Psychiatry and Behavioral Sciences at Duke University Medical Center, Durham, NC, USA


Based on a history of close conceptual link, empirical studies are beginning to accumulate that investigate the relationship between trauma and religion. A review of empirical studies that examined the relationship between religion/spirituality and PTSD showed mixed findings. Though the direction of association varied among studies, all but one study reported significant associations between the two.  Factors that might have contributed to the mixed findings are discussed (e.g., measurements, research design).  Overall, these results appear to be encouraging toward confirming the conceptual link between religion and trauma.  Further research investigating the direction of causation and possible moderators of the association may contribute to a better understanding of the relationship between trauma and religion.

Fruits of Health; Roots of Despair: William James, Medical Materialism and the Evaluation of Religious Experience

Tadd Ruetenik

Arts and Humanities, Penn State Altoona, Altoona, PA 16601, USA

Abstract: In The Varieties of Religious Experience, William James introduces the term "medical materialism" to describe the fallacious attempt by some scientists to argue against the value of spiritual ideas. Two literary case studies will be considered for purposes of better understanding James' idea. What's more, it will be shown that, in addition to James' three criteria for the appropriate evaluation of religious experience, there is another factor not made explicit, namely that of hopefulness. This factor serves to distinguish ordinary from pathological morbid-mindedness, the latter of which has no religious significance.

The Search for Non-Medical Treatment by Patients with Psychiatric Disorders

Ahmet Tevfik Sunter, Hatice Guz, Aysen Ozkan, and Yildiz Peksen

The Department of Public Health, The Faculty of Medicine, Ondokuz Mayis University, 55139 Samsun, Turkey

Department of Psychiatry, Ondokuz Mayis University, Samsun, Turkey

Abstract: Patients in Turkey frequently seek help from non-physicians such as hodjas and fortune-tellers. The aim of this study is to assess the prevalence, reasons for and results of the search for non-medical help by patients with psychiatric disorders. It was determined that 42.2% of patients consulted a hodja or a fortune-teller, and many (23.1%) were either the subject of prayers or else were advised to pray themselves as treatment. Considering that a significant number of patients seek non-medical treatment, it is thought that people should be informed about psychiatric disorders, therapies, and how to obtain them.

Polishing the Mirror: Mental Health from a Bahá'í Perspective

Michelle Maloney

Abstract: While various authors have explored multiple religious theories of mental health in an effort to become more responsive to clients' needs, there is a dearth of information on the Bahá'í conception of this important subject despite the faith’s growth across the world.  This article will present a Bahá'í perspective on mental health by examining the faith's basic tenets and teachings, its affinities and dissimilarities with various traditional psychotherapeutic theories, its views on psychological functioning, and its sources of healing.  Common therapeutic issues of Bahá'ís will also be explored to aid counselors in conceptualizing and treating these clients.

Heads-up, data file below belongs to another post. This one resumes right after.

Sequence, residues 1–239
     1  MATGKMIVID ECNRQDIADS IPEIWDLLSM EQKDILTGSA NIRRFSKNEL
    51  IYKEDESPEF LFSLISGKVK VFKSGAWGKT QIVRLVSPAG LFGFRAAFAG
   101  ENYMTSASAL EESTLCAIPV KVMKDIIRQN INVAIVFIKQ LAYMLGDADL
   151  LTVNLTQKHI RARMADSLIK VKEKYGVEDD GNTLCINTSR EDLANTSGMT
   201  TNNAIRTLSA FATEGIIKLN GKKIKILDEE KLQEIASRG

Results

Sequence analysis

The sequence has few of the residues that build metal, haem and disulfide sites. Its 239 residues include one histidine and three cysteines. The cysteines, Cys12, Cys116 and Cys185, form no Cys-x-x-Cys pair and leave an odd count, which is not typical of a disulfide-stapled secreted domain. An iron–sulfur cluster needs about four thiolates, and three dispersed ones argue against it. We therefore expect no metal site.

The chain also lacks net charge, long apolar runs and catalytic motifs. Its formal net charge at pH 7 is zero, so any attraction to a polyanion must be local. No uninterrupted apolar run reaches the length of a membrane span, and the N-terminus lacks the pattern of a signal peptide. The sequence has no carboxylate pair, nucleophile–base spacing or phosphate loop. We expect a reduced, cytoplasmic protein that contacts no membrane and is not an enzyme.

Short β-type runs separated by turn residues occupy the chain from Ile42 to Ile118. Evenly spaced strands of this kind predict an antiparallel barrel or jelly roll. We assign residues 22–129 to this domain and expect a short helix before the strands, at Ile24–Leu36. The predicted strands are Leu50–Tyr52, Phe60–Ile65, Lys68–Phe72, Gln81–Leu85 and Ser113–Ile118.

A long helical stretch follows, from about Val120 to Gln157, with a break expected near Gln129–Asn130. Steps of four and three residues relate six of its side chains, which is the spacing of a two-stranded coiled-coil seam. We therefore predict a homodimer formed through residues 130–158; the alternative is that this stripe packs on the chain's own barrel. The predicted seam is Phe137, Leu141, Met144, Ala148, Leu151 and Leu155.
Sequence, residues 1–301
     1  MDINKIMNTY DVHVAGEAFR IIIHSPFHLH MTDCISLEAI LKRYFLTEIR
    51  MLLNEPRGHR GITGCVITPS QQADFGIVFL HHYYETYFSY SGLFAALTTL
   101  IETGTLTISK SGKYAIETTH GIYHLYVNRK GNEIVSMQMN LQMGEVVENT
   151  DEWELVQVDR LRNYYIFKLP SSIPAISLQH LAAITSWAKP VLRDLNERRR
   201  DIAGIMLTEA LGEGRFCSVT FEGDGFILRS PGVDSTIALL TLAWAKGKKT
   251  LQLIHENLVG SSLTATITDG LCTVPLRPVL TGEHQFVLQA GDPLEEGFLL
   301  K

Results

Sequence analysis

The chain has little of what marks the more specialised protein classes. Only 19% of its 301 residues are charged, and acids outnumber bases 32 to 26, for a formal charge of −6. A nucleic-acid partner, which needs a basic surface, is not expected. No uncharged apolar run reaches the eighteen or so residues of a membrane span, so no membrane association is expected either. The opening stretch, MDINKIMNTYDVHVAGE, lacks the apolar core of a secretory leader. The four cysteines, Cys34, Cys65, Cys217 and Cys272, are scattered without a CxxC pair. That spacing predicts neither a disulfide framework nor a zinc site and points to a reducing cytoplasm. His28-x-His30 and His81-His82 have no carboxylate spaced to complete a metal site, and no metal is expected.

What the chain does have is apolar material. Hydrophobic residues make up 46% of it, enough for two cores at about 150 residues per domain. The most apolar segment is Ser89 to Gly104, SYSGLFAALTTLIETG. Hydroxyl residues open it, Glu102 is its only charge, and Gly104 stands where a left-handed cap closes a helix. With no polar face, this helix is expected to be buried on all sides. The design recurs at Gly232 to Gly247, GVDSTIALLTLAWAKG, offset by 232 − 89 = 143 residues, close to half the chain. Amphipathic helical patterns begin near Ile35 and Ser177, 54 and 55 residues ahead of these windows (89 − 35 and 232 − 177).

Why did Mary Shelley Write Frankenstein?

Anthony F. Badalamenti

Abstract: Mary Shelley's novel "Frankenstein; or, the Modern Prometheus" is presented here as her encoded image of unconscious emotions too painful for her waking personality to deal with. Her innovative image of man-made life is taken as emerging from the confrontation of her hopes for secure love with painful events in her life with Percy Shelley. This paper proposes that her novel served as a waking expression of unconscious feelings of hurt in reaction to Percy. The monster's role is here decoded as her way to consciously process the idea that parts of her relation to Percy were so hurtful as to deform it into a miscreant. It is further proposed that the losses and frustrations of her earliest years inclined her to accept Percy's violations in the hope of the secure love she longed for. The answer offered to this paper's title accounts for why "Frankenstein"; is taken to refer to the unnamed monster and not its creator.

J. of Legal Medicine, Vol. 27, no. 3 (Sept. 2006)

(Abstracts Unavailable)

David B. Resnik

Compensation for Research-Related Injuries, Ethical and Legal Issues

W. Wylie Blair

Implied Preemption of State Tort Law Claims Against Prescription Drug Manufacturers Based upon FDA Approval

W. Kyle Simonton

Accommodations for the Disabled During Administration of the MCAT, Individual State Interests vs. National Uniformity

James D. Stivers

"The Mercury's Rising!" Can National Group Health Intervention Protect the Public Health from EPA's Clean Air Mercury Rule?

Sameer S. Vohra

An American Muslim's Right to Die: Incorporating Islamic Law into the Debate